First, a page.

You might have heard about anesthesia free dental cleanings from a local groomer, pet store, word of mouth or even some veterinary providers. Commonly known as anesthesia free dental cleanings, the practice involves scaling (scraping with an instrument) of a dog or cat’s teeth without putting the pet under anesthesia.
Veterinarians often refer to the practice of scaling the teeth without anesthesia as non-anesthesia dental scaling (NAD or NADS), as the term “cleaning” is misleading to companion owners who have the impression that after one of these procedures, their furry friend’s mouth is clean and healthy. It may sound like a great option, but what exactly does this procedure involve?
How many people actually enjoy sitting in the dental chair, holding their mouth open while a dental hygienist scrapes mineralized tartar from their teeth? Imagine how a companion, who can’t communicate, feels when the NAD provider holds open their mouth and attempts to do the same. We can understand what the dentist or hygienist is doing and can be asked to hold still and relax, but the companion does not understand and thus will frequently require a traumatic restraint process.First, the title of the procedure is accurate in that there is no anesthesia involved. This means your furry friend must be physically restrained, some at higher levels than others, in order for the provider to access the animal’s teeth. A provider will often tell a companion owner it is just like a human going to the dentist, which is absolutely not the case. While some companions may appear to tolerate this restraint better than others, your furry friend is still being restrained for a lengthy period of time with no ability to understand why or what is happening to them.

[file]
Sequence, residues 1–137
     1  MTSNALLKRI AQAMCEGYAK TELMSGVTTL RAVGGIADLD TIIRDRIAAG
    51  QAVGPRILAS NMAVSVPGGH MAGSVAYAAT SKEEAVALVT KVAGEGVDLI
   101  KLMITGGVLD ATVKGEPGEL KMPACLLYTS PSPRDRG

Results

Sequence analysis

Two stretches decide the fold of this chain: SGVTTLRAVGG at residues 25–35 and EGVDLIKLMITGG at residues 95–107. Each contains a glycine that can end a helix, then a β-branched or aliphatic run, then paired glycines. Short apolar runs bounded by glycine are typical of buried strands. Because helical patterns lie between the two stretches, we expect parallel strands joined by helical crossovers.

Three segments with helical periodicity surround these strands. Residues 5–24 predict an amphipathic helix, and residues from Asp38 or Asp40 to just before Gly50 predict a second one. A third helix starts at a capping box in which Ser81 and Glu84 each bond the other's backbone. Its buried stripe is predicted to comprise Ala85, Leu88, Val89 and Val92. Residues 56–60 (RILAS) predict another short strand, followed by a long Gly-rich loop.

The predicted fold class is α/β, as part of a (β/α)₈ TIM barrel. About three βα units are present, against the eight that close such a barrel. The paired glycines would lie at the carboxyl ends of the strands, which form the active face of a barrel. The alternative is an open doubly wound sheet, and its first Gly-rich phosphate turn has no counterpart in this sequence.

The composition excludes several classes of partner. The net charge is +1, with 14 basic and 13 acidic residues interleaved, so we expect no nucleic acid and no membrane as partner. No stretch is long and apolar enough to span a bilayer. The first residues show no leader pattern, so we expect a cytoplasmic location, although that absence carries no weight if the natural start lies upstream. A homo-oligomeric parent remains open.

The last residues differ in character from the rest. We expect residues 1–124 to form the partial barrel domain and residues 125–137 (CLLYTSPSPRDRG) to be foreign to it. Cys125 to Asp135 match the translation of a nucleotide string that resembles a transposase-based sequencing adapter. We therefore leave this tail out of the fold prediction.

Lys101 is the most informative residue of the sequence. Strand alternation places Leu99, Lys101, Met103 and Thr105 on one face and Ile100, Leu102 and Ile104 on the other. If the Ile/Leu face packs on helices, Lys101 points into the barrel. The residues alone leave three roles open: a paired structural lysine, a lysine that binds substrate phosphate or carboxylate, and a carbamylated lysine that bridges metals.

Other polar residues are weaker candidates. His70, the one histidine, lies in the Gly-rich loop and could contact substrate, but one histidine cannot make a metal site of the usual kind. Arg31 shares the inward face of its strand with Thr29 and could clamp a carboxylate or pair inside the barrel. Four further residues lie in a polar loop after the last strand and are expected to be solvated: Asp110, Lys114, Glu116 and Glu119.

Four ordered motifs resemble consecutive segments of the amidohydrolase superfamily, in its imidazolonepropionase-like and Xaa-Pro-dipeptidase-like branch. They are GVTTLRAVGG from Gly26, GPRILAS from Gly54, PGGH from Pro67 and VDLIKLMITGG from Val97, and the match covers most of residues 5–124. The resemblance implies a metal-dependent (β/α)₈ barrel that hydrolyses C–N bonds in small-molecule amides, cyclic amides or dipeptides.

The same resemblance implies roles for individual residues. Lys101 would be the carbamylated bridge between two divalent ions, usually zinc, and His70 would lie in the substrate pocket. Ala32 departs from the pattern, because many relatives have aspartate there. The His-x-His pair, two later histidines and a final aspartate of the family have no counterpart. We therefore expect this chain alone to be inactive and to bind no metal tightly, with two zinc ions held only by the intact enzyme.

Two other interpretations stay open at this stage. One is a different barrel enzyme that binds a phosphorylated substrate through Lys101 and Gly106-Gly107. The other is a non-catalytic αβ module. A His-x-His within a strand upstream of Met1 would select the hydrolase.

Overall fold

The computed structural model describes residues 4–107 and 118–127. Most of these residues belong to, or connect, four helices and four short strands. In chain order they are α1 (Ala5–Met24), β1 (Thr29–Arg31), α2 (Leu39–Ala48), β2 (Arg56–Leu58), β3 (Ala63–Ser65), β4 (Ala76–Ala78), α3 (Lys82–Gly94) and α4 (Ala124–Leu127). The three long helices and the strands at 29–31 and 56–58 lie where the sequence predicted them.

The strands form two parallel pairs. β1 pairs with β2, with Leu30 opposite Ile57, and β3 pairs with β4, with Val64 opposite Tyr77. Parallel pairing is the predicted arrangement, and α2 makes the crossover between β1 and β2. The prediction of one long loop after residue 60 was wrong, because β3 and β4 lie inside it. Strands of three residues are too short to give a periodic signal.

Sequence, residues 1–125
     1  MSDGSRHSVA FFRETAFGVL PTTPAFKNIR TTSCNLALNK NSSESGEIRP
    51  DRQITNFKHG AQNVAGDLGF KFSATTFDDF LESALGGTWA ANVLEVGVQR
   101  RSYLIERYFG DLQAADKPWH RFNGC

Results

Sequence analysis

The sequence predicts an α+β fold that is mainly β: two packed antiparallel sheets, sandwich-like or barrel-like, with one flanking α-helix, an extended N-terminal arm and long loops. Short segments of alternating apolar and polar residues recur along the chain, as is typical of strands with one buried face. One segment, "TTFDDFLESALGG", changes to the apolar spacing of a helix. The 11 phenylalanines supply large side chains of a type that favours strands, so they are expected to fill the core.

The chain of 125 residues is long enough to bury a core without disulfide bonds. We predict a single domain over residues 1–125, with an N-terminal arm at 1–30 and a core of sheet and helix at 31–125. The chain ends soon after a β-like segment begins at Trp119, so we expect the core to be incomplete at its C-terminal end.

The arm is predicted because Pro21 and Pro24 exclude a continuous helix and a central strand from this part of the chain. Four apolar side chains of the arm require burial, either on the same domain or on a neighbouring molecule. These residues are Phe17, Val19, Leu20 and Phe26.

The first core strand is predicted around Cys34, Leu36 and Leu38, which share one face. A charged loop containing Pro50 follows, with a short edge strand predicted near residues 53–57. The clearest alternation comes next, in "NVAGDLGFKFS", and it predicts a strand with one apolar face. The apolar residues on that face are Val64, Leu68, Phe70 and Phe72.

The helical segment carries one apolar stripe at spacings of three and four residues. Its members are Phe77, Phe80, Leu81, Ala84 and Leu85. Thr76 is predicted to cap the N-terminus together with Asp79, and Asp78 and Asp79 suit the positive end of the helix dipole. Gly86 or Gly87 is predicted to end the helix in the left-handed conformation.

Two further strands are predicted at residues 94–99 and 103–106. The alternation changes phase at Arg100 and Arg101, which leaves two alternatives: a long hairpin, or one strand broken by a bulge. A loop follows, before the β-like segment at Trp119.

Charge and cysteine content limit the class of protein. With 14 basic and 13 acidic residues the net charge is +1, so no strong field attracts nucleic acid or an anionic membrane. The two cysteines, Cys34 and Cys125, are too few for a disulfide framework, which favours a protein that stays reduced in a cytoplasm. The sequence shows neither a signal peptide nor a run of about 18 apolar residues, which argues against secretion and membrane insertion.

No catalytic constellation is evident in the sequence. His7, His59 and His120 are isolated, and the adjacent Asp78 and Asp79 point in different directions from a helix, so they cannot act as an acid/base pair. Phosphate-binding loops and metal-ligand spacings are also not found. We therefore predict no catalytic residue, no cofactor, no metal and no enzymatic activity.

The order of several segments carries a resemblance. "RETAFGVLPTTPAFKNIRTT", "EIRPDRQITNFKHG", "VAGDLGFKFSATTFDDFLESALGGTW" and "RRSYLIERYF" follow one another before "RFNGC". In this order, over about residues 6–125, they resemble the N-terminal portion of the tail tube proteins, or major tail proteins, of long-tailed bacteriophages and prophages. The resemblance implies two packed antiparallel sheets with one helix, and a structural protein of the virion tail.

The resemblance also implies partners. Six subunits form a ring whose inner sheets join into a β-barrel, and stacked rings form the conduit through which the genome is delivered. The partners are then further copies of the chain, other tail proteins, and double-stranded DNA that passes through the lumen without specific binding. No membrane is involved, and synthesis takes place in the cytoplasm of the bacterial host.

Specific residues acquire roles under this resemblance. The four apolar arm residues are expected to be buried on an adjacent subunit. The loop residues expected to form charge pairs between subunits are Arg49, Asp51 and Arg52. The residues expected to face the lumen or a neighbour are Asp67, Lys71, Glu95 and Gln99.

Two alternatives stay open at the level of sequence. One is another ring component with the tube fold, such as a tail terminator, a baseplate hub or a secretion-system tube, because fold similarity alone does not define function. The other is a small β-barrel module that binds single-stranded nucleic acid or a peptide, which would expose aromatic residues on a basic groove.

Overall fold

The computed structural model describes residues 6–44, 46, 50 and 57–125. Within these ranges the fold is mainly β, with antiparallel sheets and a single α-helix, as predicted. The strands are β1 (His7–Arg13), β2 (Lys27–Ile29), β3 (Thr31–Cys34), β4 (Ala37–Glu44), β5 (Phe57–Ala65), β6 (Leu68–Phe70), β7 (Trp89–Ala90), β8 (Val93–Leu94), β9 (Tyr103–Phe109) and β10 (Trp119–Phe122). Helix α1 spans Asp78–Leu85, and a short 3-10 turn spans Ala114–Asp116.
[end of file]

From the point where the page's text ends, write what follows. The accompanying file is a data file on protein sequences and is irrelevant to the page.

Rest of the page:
The next step is using a sharp instrument to remove plaque from the visible part of the tooth, or scaling the crown of the tooth.
The discoloration of your furry friend’s teeth is essentially layers of plaque and bacteria that have built up over time, which is only eliminated from the visible portion of the tooth by using a sharp hand instrument called a scaler.
Consider your visits to the dentist and the minor scaling that sometimes has to be done to remove some of the tiny spots of plaque build-up. Now, take a look at your companion’s teeth and think about how it might feel to have that amount of build-up scraped from your teeth. It certainly could cause a great deal of discomfort and pain to your furry friend.
At the end of the anesthesia free dental procedure, the outside surfaces or your companion’s teeth may appear visibly whiter. However, there is much more than meets the eye. Because your companion wasn’t under anesthesia, there was no ability to clean beneath the gumline where the bacteria that causes periodontal disease occurs and causes bad breath and extensive damage to tooth roots and supporting bone structure. It is also not possible to perform full mouth dental radiographs for your companion while they are awake. Without full mouth dental radiographs it is impossible to see any disease or concerns hiding under the gumline.
White teeth do not mean a clean and healthy mouth. This is the most unfortunate misconception by many loving companion owners, who don’t realize the potential oral health problems that sit beneath their furry friend’s gums.
The best dental care for your companion is a regular veterinary dental cleanings under anesthesia. Learn more about veterinary dental cleanings and the benefits for your pet.
Article from the American Veterinarian Dental College.